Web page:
Re:The efficiency of capitalism (2, Insightful)

Waffle Iron (339739) | about 10 months ago | (#45208693)

It is usually just wasted.

By your own previous logic, money can never be "wasted", just redistributed.

Every dollar that the government collects in taxes or creates out of thin air is redistributed back into the private sector.

Re:The efficiency of capitalism (1)

Anonymous Coward | about 10 months ago | (#45208469)

The private sector is good at redistributing money where it needs to go for economic growth.

I see this kind of claim a lot but I've never been able to figure out what it's based on.

There are certainly examples of economies that are/were micromanaged by corrupt dictatorships in the name of "communism" that seem to be particularly unsuccessful (e.g. North Korea). But then there are also economies without much government intervention at all that don't seem to be much better (e.g. Somalia). And at the other end of the spectrum, countries that provide a mix of individual incentives and strong governemt social programs seem to be particularly successful (e.g. the Scandinavian countries).

And from a theoretical perspective, I don't see any reason to believe that the total welfare of a collection of individual agents is maximized when each agent focuses on maximizing its own individual welfare. Among other things, it seems that such systems would be inherently unstable: a small number of agents end up controling all the wealth and all the other agents basically become slaves.

But is there actually a sound mathematical/scientific reason to conclude that your claim is valid in a very general sense? Or is it just that you can sometimes find specific cases where it's true and you'd like to believe that it's true as a matter of wishful thinking?

Re:The efficiency of capitalism (0)

Anonymous Coward | about 10 months ago | (#45208521)

Are you fucking kidding? In a normal circumstance I'd be sure that you are, but this is Slashdot, the lightbulb for autistic libertarian moths. Here I just can't be sure.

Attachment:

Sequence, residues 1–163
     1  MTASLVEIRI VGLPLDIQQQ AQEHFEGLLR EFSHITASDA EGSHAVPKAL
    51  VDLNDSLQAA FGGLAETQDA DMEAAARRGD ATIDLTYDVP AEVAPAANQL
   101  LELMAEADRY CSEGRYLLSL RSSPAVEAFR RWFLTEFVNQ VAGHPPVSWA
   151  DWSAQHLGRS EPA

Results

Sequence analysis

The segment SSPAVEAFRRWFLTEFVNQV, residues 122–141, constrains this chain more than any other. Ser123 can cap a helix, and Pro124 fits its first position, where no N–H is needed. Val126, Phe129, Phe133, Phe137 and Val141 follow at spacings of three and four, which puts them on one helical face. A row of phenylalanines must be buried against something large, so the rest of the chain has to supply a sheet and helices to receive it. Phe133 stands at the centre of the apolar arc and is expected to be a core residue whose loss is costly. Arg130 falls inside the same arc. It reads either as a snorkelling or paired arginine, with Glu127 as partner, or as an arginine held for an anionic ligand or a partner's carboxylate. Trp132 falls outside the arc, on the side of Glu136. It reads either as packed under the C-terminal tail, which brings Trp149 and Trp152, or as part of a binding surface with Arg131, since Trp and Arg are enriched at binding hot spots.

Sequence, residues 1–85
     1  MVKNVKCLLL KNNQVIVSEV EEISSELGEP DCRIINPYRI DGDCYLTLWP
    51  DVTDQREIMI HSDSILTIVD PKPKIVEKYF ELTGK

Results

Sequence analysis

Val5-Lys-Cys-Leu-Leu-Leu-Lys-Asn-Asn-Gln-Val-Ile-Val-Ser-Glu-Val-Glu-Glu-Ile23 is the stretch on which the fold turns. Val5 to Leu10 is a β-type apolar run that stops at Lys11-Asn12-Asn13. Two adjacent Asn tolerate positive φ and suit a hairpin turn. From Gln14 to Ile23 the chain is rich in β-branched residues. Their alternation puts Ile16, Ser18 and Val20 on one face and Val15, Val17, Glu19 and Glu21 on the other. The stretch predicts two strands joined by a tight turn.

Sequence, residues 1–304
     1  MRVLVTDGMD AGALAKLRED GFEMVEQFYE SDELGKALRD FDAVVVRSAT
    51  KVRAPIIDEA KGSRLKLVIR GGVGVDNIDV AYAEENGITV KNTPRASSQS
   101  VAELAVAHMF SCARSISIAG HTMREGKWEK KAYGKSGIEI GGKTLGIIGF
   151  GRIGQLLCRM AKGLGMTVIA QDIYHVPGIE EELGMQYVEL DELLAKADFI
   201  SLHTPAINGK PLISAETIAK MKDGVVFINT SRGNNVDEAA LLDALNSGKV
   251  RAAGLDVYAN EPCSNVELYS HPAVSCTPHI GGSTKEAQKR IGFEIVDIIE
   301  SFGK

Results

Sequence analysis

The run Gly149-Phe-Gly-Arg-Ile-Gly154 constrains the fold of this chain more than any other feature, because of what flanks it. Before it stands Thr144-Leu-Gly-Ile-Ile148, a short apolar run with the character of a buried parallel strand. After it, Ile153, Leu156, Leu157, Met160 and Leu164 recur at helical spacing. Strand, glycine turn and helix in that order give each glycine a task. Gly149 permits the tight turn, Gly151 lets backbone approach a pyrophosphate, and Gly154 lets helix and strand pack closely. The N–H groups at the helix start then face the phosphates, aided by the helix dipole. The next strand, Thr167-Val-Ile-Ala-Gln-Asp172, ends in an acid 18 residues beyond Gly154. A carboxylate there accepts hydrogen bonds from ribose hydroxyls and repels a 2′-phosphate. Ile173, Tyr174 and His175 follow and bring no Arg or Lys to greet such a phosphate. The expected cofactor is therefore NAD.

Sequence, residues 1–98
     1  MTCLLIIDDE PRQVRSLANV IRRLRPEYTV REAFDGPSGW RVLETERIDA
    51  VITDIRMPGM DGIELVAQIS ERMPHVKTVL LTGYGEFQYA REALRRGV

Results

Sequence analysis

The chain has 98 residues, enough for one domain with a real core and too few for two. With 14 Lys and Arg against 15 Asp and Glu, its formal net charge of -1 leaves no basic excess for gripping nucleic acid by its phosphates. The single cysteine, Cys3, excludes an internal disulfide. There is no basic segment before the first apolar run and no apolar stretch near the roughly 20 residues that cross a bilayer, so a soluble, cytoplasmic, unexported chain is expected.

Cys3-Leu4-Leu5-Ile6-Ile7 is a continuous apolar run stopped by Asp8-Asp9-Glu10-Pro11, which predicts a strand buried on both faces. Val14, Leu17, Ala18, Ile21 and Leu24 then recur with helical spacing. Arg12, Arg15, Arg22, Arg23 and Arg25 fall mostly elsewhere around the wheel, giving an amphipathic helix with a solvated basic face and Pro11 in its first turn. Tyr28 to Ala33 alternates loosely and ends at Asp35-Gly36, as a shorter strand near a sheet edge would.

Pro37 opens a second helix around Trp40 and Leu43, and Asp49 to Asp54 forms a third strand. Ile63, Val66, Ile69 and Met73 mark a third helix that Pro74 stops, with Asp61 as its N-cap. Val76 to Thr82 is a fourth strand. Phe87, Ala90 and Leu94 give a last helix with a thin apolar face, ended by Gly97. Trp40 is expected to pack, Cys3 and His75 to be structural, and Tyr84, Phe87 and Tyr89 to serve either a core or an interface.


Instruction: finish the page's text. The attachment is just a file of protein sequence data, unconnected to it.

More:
Re:The efficiency of capitalism (0)

mysidia (191772) | about 10 months ago | (#45208321)

See, the private sector can blow money faster than the public sector (OmabaCare site).

The federal government incurs over $3 million in new debt per minute on average.

The annual extra interest expense on the national debt (taxpayer money lost due to interest volume) is on the order of $500 billion.

$172,222 a Second For 45 Minutes is an order of magnitude less .

Re:The efficiency of capitalism (1)

roman_mir (125474) | about 10 months ago | (#45208331)

Private sector did exactly as it is supposed to: somebody lost money by not being efficient or vigilant, somebody else made money by being more efficient and or more vigilant.

As long as the government does not step in with some form of a bail out there is no problem there at all. This bank or whatever financial firm it is will be HELD ACCOUNTABLE by the shareholders, clients, but at least there are mechanisms for doing that in the private sector.

Obamacare is about stealing money from people and apparently there is no mechanism to stop this theft at all.

Re:The efficiency of capitalism (1)

phrackthat (2602661) | about 10 months ago | (#45208515)

Obamacare is about stealing money from people and apparently there is no mechanism to stop this theft at all.

Well, actually there is a mechanism. It's called the vote. However, you have a lot of low information voters out there and a media that's as loyal as Pravda to the Democrats. The people voted to stop Obamacare by voting in people to oppose it.

Democrats bitch and whine that a "democratically passed law" is being opposed. The media parrots the Dems and tells people what to think - "The evil Republicans are opposing a democratically passed law." But they don't tell the sheeple that the Democrats in the House were voted out over Obamacare and that it is the #1 job of the people who were to voted in to oppose it and shut it down because that is why they were voted in!

The 4th estate is an utter failure. They do not operate to keep those in power honest - they serve the interests of Democrats for the purpose of aggregating power.

Re:The efficiency of capitalism (2)

Laxori666 (748529) | about 10 months ago | (#45208661)

Eh that's the point of capitalism. People who fail at things go out of business, and others who don't fail as much replace them. Maybe this would have put Knight out of business. Great, then another company can fill that spot. Yet what happens if the government fails? They can just raise taxes or create money to cover the gap, thus making everybody else in the nation poorer.